Here are Sixtyandsingle posts from 2011 onward!!
"A penny saved is a penny earned," Benjamin Franklin, 10th son of a soap maker, (1706-1790)
By JULIA ANDERSON
It seems that the basic costs of living --- food, clothing, mortgage rates, rent, insurance, cable TV --- are all going up. Those 60 and single, those retired on fixed-budgets and those who would rather spend their money on travel or other special indulgence and not so much on day-to-day basics, could do with a spending tune-up.
It's easy to make those tough spending decisions when you're on a tight budget but if you're in the comfortable middle-class, expenses may be creeping higher without your notice. Are you a frog in a pan of water turned to boil? I hope not.
Below are tips from experts including those at Motley Fool on how to stop blowing your money. Some of these tips are familiar. Others you may not have thought about.
1. Let's start with our children and grandchildren. Your own financial welfare comes first even if you'd like to give money to struggling family members. Is the money going to their household expenses or is your gift a one-time donation that will help them get to a new level of self-sufficiency? Say no to your kids, if the gift is jeopardizing your own longer-term financial welfare and only helping them tread water, not get ahead.
2. Bad (little) habits. We've heard many times about cutting back on our $4 daily coffee habit. That expense adds up to hundreds of dollars a year. We all know about paying off expensive credit card debt. That's a no brainer.
According to nerdwallet.com, Americans owe $11.68 trillion in debt, an increase of 3.7 percent in the past 12 months. Stop using credit cards and debit cards....use only cash. Limit your spending to a fixed cash amount each week. When you're out, you're out.
3. Don't waste energy. In my area, the power company raised its residential electric rate by 5 percent this year and wants another 5 percent increase next year. That's more than twice the overall inflation rate. You can reduce your power bill by one-third if you use recommendations offered by Energy Star experts at www.energystar.gov.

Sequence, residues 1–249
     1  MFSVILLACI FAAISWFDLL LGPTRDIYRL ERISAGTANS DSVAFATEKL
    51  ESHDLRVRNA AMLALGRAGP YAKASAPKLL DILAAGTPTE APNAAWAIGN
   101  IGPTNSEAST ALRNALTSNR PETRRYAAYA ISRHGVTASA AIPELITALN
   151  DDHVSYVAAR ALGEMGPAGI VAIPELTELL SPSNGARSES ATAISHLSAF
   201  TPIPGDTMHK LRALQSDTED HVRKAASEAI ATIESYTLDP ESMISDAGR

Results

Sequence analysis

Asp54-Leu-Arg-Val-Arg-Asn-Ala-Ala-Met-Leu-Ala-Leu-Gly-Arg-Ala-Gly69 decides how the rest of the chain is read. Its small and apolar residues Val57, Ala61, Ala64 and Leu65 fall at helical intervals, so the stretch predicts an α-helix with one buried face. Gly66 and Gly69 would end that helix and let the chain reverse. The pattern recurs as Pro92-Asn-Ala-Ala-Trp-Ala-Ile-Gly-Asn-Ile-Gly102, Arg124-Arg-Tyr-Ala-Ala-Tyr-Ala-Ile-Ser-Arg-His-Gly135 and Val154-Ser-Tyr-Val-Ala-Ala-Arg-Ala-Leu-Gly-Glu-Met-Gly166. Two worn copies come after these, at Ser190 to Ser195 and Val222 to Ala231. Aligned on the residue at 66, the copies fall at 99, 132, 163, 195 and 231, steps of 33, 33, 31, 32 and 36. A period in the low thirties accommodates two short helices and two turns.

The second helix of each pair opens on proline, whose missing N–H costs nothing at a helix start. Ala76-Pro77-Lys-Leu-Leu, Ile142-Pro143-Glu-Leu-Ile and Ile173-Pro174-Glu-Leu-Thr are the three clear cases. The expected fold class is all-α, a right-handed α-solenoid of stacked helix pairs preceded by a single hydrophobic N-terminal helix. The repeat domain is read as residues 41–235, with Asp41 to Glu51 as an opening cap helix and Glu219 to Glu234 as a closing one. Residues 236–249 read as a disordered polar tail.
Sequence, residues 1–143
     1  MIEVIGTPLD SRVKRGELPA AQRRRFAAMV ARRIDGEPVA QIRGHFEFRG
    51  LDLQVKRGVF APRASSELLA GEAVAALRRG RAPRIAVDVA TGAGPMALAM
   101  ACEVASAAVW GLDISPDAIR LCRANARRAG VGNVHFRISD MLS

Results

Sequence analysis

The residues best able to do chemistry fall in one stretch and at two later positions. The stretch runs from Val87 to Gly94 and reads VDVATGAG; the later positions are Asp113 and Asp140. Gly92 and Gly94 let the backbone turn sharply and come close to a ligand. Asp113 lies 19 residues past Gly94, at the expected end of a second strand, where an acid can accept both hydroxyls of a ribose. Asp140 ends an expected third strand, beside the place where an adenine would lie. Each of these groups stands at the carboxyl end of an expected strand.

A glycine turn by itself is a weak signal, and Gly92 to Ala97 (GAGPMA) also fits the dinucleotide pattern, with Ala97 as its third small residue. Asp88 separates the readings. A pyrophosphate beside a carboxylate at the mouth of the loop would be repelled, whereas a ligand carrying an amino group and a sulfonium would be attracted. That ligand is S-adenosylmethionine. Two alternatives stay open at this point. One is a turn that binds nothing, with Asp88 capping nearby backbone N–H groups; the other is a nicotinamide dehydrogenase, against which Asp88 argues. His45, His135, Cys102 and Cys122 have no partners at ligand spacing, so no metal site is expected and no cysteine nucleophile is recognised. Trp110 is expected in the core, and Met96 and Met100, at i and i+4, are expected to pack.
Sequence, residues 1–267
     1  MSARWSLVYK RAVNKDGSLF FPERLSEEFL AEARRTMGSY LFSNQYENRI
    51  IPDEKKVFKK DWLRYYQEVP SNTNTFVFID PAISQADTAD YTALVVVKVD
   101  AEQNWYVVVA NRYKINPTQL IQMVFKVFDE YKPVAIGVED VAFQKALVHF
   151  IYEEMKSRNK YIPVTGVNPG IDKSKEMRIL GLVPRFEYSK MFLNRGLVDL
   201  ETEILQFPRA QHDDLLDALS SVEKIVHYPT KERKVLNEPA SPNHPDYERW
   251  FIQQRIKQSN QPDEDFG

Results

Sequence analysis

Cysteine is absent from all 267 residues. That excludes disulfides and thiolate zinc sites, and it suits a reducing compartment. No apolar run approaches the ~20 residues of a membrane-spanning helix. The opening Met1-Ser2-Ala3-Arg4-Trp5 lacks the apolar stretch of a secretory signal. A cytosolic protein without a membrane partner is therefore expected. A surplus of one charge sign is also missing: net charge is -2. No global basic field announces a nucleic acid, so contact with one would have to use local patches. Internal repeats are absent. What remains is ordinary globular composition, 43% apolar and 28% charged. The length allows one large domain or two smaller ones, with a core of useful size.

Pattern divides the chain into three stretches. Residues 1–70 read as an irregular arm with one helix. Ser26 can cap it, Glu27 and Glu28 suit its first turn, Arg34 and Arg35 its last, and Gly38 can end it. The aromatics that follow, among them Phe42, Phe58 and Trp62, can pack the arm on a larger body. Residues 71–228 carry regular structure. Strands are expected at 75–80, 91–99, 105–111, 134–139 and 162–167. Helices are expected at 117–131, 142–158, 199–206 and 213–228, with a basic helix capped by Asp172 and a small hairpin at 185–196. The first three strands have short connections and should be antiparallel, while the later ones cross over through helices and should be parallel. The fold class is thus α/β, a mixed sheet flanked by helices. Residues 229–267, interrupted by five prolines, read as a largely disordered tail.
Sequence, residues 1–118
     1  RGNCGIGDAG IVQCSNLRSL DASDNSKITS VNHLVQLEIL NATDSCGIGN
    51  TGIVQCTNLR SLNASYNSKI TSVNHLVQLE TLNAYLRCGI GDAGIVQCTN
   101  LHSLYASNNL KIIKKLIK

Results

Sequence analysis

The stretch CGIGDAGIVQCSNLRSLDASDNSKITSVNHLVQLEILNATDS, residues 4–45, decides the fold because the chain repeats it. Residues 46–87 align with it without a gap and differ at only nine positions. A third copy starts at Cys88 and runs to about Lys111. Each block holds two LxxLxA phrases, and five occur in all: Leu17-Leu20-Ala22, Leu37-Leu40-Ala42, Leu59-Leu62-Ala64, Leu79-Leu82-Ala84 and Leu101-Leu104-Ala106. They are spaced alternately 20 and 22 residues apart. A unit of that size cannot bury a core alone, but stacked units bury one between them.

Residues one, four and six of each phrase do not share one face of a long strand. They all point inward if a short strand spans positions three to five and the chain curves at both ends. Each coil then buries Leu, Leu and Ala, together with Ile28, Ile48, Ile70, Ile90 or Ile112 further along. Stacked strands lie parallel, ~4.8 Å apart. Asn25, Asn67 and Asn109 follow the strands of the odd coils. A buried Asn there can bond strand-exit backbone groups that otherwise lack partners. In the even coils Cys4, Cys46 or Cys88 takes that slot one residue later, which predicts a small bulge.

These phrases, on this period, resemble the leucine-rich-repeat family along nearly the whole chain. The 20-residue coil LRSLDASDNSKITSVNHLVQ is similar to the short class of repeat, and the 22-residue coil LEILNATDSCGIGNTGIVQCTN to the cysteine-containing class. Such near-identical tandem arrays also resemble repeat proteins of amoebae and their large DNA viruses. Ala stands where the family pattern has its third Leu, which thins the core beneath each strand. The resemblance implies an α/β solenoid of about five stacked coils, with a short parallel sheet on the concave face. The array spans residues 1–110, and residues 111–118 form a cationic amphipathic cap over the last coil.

Simple things like turning off all electrical devices in your home at night, installing a programmable thermostat that automatically lowers indoor temperatures at night or when you're gone. Simple things like turning down the temperature on the water heater and doing full loads of laundry in cold water will save you big money on the power bill.
4. Dump your unused gym memberships. How many of us buy a membership but fail to use it. You're not alone. It turns out only 18 percent of us actually use our gym membership on a consistent basis. If you're not using it, ditch it.
5. Wean yourself off your vices: Gambling, drinking and smoking. Did you know that the average American loses almost $400 per year to gambling? That shocked me. And we spend on average 1 percent of our total income on alcohol. That includes that lovely Pinot Noir at Trader Joe's.
That's $1 for every $100 we spend. Look for online tips for wine savings. For instance, take advantage of fall discounts as the new grape crop is harvested. Tobacco is getting really expensive thanks to rising taxes. Stop smoking save money and improve your health.